1. Limited time only! Sign up for a free 30min personal tutor trial with Chegg Tutors
    Dismiss Notice
Dismiss Notice
Join Physics Forums Today!
The friendliest, high quality science and math community on the planet! Everyone who loves science is here!

Microcantilever, different resonance modes

  1. Apr 6, 2012 #1

    Tah

    User Avatar

    I'm now styduing micro-cantilever used as a sensor.

    It is usually made of silicon based materials.

    In a certain condition below, the cantilever will vibrate itself when a certain external frequency is applied.

    <condition>
    Certain cantilevers may
    exhibit mode coupling depending on the device characteristics.
    Analytical expressions for various mode shapes can be derived
    mathematically from the corresponding equations of motion under
    the following assumptions: the aspect ratio is sufficiently large, the
    deflection is small compared to cantilever thickness, the geometry
    is of single-layer uniform rectangular cross-section, and the
    material is isotropic.


    There are four types of vibrating modes.

    Out-of plane vibrations include transverse, also called bending or flexural, and torsional motion.
    In-plane vibrations include lateral, also called in-plane bending, and longitudinal, also called extensional or axial, motion.

    Each of the four modes exhibit resonance when excited at their characteristic frequency, known as the resonant frequency or eigen frequency.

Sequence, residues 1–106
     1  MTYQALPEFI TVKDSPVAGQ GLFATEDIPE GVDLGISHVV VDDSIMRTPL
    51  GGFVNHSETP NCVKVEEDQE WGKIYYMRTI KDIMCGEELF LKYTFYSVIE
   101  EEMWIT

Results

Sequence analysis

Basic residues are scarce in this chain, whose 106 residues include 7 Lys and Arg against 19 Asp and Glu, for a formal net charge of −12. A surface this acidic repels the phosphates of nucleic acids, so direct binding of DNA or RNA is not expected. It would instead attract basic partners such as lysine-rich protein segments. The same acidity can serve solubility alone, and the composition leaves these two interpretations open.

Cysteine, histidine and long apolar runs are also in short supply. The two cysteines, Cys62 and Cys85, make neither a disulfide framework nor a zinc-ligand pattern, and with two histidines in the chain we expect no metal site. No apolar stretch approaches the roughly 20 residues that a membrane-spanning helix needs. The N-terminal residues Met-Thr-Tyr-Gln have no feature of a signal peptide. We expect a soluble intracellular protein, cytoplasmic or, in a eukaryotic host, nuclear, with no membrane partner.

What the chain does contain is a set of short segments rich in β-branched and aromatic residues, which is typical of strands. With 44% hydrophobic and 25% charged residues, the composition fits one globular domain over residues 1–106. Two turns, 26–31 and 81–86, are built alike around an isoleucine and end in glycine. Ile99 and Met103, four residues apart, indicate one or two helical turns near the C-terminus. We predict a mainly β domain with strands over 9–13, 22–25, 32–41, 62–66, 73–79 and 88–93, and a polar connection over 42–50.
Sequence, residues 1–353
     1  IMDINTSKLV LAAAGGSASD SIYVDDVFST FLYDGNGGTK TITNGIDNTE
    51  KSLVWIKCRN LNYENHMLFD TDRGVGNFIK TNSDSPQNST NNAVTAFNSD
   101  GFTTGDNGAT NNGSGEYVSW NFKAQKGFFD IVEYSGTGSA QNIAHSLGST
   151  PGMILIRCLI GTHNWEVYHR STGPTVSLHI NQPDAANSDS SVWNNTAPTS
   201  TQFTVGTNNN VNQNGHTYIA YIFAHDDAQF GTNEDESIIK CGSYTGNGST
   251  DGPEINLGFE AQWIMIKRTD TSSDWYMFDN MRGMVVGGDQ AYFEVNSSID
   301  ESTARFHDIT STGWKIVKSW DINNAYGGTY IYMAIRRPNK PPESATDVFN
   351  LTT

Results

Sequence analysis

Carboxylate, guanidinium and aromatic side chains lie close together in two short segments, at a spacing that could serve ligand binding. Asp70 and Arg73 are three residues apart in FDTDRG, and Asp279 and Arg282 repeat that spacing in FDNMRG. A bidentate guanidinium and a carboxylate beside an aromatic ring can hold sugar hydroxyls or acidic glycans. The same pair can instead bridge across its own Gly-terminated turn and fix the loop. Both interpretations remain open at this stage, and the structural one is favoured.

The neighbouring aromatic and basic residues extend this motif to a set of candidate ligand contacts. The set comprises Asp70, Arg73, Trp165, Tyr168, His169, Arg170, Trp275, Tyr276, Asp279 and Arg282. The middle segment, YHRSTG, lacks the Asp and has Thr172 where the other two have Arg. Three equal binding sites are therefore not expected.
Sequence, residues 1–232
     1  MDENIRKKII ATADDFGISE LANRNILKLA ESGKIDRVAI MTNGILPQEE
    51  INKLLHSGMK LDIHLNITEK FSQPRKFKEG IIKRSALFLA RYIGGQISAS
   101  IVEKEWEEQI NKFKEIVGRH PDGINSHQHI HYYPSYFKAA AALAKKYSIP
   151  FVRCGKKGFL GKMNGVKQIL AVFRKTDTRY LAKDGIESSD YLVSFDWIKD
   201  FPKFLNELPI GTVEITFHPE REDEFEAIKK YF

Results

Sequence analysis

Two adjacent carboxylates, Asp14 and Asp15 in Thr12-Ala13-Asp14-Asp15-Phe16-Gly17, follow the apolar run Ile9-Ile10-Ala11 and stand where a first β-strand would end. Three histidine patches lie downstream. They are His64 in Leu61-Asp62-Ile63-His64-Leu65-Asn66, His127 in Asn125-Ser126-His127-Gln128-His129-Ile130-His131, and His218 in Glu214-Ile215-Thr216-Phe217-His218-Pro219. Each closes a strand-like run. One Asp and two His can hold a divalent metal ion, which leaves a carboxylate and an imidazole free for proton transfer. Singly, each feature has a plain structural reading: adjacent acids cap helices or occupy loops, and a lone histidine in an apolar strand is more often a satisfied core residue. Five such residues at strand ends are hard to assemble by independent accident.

My question is why a microcantilever has different resonant modes in different frequencies on a single material.

    And how can the torsional mode be occurred? It's very interesting.
     
  2. jcsd
  3. Apr 11, 2012 #2
    Do you have theoretical knowledge in how to describe any of those motions that create the resonances? Write the equations and look what is dependent of what.

    Cheers.


    Roman.
     
  4. Apr 11, 2012 #3
    It's because of the material it is made from. The atoms are bonded together at different angles and with different bonding strengths.

    So to distort a material in one direction by a certain amount may require a fraction of the force to do so in another direction.

    Less force equals lower frequency for the same mass.

    Torsional modes can be induced in two ways. Firstly an asymmetric force or secondly a symmetric force on an crystalline structure which is asymmetric.

    Look up 'elastic tensors' to get the math behind this.

    Regards

    Sam
     
Know someone interested in this topic? Share this thread via Reddit, Google+, Twitter, or Facebook